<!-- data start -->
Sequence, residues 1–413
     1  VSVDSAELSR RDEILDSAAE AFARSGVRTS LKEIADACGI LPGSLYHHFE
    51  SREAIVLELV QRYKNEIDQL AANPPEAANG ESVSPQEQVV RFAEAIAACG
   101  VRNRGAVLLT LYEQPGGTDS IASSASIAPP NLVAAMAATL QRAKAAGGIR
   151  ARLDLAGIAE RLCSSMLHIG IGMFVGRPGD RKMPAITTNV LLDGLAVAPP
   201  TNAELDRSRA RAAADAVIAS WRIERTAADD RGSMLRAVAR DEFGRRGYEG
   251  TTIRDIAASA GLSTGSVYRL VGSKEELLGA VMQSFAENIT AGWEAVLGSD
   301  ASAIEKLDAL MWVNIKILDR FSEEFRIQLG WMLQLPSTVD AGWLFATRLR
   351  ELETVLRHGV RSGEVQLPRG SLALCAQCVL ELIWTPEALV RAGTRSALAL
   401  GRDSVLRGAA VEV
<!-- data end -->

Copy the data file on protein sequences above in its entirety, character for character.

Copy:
Sequence, residues 1–413
     1  VSVDSAELSR RDEILDSAAE AFARSGVRTS LKEIADACGI LPGSLYHHFE
    51  SREAIVLELV QRYKNEIDQL AANPPEAANG ESVSPQEQVV RFAEAIAACG
   101  VRNRGAVLLT LYEQPGGTDS IASSASIAPP NLVAAMAATL QRAKAAGGIR
   151  ARLDLAGIAE RLCSSMLHIG IGMFVGRPGD RKMPAITTNV LLDGLAVAPP
   201  TNAELDRSRA RAAADAVIAS WRIERTAADD RGSMLRAVAR DEFGRRGYEG
   251  TTIRDIAASA GLSTGSVYRL VGSKEELLGA VMQSFAENIT AGWEAVLGSD
   301  ASAIEKLDAL MWVNIKILDR FSEEFRIQLG WMLQLPSTVD AGWLFATRLR
   351  ELETVLRHGV RSGEVQLPRG SLALCAQCVL ELIWTPEALV RAGTRSALAL
   401  GRDSVLRGAA VEV